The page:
The Iliotibial band (ITB) is a fibrous band of tissue that runs down the side of your leg from pelvis to lateral knee. It is a stabiliser of the knee, helping knee ligaments to resist lateral (sideways out) movement. However, its main job is to resist lateral displacement of the hip. Many doctors diagnose this syndrome as an overuse injury that occurs when the ITB rubs on the lateral condyle (bone) of the knee, which the patient is often told, will be resolved by a small surgery to ‘release’ the ITB band. Actually the ITB injury is a more likely to be a secondary, compensatory injury.


Why is the ITB under more tension, on one side than the other?

The ITB is thick and tough, it was evolved when we were cavemen walking and running for miles. So what are we doing differently to our ancestors? Why would a ten K run bring on this very painful condition? Why is the traditional medical treatment rest, massage and stretching not relieving the problem?

To consider the ITB syndrome we need to consider some major pelvic muscles in the ITB syndrome, called tensor fasciae latae (TFL), glut max and glut medius. TFL is a relatively small muscle that tensions the ITB when the knee is flexed. The ITB is made up of thick collagen fibres, which, flow from its insertion in TFL and glut max/medius down to the lateral bone of the knee and some fibres go into the tibial plateau (knee joint) and the kneecap. The band is thick and broad at the hip end and thins as it progresses down your leg, which shows that most of the work goes on at the top.

ITB syndrome

How does ITB start? Unfortunately the TFL has a secondary job and that is acting as a synergist (helper) to glut medius. When a person is running or cycling the first muscle to contract is glut medius. This muscle stabilises the pelvis when the leg is off the floor, by contracting the glut medius the pelvis is squeezed together and this keeps the pelvis level. If we did not contract the muscle, every time our foot left the floor we would lurch to the side, as our hip would fall. The glut medius not only does this job it is also a postural muscle and any lower back problems force it to go into spasm to protect the stability of the spine. When it is in spasm, the synergists are recruited. TFL now does a job that it is not supposed to do and ultimately causes the continuous tension of ITB. This may go unnoticed for years but will give pain that “just starts” when we seem to be fit and healthy. If we have no problems with our lower back, TFL/ITB will be balanced because the nervous system is not stimulating the TFL muscles to protect the lower spine.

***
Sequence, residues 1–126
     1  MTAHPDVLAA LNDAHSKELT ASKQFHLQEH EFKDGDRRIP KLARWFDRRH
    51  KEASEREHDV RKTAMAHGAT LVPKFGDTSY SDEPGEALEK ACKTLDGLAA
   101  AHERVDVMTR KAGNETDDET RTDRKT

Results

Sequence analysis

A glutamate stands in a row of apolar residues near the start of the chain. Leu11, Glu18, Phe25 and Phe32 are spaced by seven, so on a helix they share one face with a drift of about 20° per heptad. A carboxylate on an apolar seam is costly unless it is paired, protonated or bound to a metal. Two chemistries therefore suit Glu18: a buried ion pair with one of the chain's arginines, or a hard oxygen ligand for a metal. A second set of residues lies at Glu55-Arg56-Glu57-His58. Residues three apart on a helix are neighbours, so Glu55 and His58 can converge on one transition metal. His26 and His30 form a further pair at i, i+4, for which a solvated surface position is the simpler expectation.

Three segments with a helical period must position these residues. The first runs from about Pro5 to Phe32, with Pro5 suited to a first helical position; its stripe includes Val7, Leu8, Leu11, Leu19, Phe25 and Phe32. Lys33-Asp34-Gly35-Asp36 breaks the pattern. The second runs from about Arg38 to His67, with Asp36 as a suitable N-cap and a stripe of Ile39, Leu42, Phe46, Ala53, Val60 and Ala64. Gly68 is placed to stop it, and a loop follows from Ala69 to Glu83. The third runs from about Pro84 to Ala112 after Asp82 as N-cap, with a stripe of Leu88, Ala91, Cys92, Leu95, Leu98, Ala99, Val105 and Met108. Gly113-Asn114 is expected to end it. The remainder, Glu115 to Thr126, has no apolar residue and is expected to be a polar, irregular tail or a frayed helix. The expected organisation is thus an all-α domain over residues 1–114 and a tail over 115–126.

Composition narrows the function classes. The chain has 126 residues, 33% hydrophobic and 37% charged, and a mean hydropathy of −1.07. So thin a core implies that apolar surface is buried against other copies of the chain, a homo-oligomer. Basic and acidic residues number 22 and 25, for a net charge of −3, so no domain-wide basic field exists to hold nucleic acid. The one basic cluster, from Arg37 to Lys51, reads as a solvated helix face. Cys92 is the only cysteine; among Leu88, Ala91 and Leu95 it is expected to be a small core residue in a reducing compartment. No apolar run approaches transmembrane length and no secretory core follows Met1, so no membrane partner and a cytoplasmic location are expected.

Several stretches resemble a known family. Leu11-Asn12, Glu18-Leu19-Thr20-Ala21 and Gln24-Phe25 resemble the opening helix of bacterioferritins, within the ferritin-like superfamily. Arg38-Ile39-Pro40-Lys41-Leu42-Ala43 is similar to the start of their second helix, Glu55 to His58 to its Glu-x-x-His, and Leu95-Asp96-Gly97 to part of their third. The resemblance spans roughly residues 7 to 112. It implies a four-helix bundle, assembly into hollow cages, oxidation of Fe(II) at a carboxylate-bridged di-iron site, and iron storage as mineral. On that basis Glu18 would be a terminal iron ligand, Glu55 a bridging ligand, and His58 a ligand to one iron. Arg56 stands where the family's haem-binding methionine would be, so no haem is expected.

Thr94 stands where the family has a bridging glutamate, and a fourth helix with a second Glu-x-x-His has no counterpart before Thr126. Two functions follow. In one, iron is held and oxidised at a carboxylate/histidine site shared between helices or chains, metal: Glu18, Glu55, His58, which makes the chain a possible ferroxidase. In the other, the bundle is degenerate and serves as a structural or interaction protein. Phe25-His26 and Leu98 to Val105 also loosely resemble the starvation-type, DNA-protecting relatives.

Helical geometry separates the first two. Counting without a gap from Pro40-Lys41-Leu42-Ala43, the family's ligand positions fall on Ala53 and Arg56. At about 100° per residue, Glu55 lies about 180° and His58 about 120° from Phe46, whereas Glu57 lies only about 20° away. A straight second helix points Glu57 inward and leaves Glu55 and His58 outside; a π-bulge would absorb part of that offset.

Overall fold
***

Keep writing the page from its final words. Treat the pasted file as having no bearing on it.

Any threat to the balanced nervous system is registered in the brain and acted on immediately. Something as simple as having a tight lower back from driving too much or sitting in an office chair all day is registered by the nervous system responding to the potential threat.


Chiropractic Treatment Option

Chiropractor’s examine you whole body viewing the spine as fundamental in the big picture of your balanced health. To treat ITB syndrome successfully, you need a thorough neurological, postural and biomechanical examination starting with your feet. Hyperpronation of the foot is one of the main causes of tibial (shin bone) rotation, this rotation puts strain on the ITB and structures further up the leg and in turn the pelvis followed ultimately by the spinal joints. After dealing with your foot problems, we check hip and pelvic rotation, which often cause the gluts to be tight. Ultimately this causes your TLF/ITB to be painful. Our Chiropractors at the Emirates European Medical Centre look at obvious pain in your ITB as a symptom, for which they must find the true causes and treat them. If you suffer from this condition or similar unexplained pain that is brought on after running, cycling or simply walking, you can call the clinic and you will be seen by a Chiropractor who will be able to diagnose and treat the condition at it’s origin.

To find out more about this syndrome or to book an appointment, please call us on 04 3481166 or visit